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  1. Soil and pH Needs

Bellis need a fertile, moist soil and plenty of sun. Heavy clay soils will retard root growth and starve the plant of oxygen, which can lead to root diseases. Soil should be amended with fully composted organic matter prior to planting and in the case of clay soils the addition of Canadian sphagnum peat moss and well-rotted compost are good sources of organic matter that will aid in aeration. If possible, incorporate two to three inches of organic matter into the top six inches of soil. If adding organic matter, be aware that organic matter that has not been fully composted will tie up nitrogen and sulfur leading to nutrient deficiencies and poor growth.  Soil pH should be between 5.5- 7.0 for optimum growth; and should be tested prior to planting but after adding any amendments. This can be done quite easily with a portable pH tester. Mix one part soil with two parts distilled water, stir well and wait thirty minutes, then follow the instructions for using the pH meter. If pH is too low, the addition of lime is warranted. However, the rate will vary depending on how much you need to raise the pH and the type of soil you are dealing with. Clay soils or those with a lot of organic material have a high buffer capacity and require more lime than sandy soils, which have a low buffering capacity. A good soil testing lab can determine the lime requirement index (LRI) of your particular soil and can recommend types and rates of lime to use. The frequency of watering will depend on the type of soil, weather conditions and the amount of mulch. Mulch will not only reduce soil water evaporation but will also reduce splashing of water onto the lower leaves, moderate soil temperatures and reduce weed competition. Water Bellis thoroughly then allow the soil to dry slightly between waterings.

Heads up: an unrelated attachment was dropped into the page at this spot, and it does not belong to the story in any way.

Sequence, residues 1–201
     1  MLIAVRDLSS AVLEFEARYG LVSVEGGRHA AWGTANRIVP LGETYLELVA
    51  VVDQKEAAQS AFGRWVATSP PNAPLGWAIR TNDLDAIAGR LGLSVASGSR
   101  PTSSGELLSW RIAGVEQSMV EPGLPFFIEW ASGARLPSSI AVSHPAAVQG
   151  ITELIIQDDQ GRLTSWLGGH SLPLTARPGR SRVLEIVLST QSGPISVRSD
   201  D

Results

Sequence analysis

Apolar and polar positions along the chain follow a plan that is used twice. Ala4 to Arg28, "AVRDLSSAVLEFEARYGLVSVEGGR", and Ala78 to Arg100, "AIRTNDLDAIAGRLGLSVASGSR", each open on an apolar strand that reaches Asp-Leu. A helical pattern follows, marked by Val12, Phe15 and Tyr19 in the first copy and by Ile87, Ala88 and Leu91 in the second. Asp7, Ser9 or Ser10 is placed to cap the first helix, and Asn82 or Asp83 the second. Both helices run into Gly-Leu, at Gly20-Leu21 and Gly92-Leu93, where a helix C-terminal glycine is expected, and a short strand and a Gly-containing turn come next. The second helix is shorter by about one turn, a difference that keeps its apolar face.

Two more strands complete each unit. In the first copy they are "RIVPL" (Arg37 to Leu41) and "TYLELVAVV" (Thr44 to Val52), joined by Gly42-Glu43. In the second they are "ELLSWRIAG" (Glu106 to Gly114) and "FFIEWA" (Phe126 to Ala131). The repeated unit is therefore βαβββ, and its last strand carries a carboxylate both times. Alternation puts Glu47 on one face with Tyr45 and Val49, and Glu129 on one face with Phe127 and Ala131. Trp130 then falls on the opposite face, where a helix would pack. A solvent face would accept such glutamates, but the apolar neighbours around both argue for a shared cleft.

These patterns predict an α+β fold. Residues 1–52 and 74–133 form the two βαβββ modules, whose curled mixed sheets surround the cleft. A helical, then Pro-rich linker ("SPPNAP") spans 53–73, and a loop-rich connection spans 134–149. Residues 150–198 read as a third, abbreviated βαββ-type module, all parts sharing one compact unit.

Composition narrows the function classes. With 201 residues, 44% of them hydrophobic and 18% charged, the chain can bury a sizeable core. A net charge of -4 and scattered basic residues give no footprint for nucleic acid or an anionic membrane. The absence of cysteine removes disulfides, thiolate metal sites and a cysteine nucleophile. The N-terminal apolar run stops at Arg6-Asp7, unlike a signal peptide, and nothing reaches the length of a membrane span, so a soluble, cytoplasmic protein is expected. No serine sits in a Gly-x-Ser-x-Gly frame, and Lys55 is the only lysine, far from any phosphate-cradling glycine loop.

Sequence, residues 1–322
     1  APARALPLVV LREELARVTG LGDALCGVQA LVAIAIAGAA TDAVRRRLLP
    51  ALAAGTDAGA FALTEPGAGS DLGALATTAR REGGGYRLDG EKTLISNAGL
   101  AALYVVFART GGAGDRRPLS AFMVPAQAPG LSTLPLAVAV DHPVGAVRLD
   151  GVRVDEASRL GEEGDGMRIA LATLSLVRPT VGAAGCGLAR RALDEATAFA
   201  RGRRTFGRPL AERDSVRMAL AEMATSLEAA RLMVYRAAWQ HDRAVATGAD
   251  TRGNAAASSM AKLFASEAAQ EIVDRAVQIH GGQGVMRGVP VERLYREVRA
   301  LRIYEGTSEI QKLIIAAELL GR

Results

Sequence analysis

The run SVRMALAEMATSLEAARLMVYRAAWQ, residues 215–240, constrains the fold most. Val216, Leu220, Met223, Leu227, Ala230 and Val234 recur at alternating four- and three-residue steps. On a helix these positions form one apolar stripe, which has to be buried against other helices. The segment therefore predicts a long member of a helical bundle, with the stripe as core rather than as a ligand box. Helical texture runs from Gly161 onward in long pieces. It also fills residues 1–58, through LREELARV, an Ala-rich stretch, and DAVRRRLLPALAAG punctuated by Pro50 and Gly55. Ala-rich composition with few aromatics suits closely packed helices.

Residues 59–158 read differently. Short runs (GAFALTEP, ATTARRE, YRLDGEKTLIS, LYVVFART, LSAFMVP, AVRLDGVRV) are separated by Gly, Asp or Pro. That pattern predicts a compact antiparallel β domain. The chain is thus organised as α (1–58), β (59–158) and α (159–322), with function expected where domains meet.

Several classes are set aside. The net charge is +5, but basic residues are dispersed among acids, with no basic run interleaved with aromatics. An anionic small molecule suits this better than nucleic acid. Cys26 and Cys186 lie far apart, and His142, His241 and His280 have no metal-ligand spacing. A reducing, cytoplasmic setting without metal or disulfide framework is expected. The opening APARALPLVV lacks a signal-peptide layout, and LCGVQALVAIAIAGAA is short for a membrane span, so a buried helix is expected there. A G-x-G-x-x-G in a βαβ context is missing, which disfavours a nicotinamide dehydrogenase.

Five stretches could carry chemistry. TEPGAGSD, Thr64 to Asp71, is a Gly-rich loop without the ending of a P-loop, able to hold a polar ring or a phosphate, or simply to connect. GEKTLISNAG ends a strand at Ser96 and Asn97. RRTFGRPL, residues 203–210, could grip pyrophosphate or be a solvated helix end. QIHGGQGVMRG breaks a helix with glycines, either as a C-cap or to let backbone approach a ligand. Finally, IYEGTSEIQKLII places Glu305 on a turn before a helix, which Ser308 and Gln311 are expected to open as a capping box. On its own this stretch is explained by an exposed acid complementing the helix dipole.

2. Fertility

Bellis are light feeders; providing moderate to high fertility levels (particularly from ammonium sources) causes them to appear lush and leafy, and will limit flower production.  An application of a balanced controlled-release fertilizer (CRF) such as 10-10-10 or 14-14-14 with a 3-4 month formulation applied to the bed at planting will keep the plants well fed, depending on the amount of irrigation applied and the average daily temperature. In high pH soils (alkaline soils) additional iron or iron sulfate may be beneficial to reduce chlorosis (yellowing) of the foliage.  Yellow foliage on Bellis may also be caused by a nitrogen deficiency within the plant. Both can be corrected with the proper supplemental fertilizers. 


3. Disease

Botrytis is likely to occur once the canopy closes in and plants begin to bloom. In most cases, Botrytis can be avoided by employing proper cultural practices such as: avoiding overhead irrigation, improper plant spacing, poor air circulation, and watering too late in the day. Botrytis can be identified on the foliage; those near the soil surface will rot and become covered with gray fungal growth.  



Botrytis infection


4. Insects

Occasionally, aphids may appear and cause a minimal amount of crop injury. Aphids are tiny soft bodied insects that cluster on the growing tips of leaves and flower stems, sucking plant juices. The plants become stunted and deformed. Remember that healthy, vigorous plants are less susceptible to pest damage than unhealthy plants.  


Aphid infestation


5. Tips for Success

  • Bellis like cool, moist weather and grow poorly in hot dry weather.
  • They are light feeders and providing too much fertilizer will reduce flower production.
  • Remove weeds from the plantings that compete with Bellis for moisture, nutrients and light.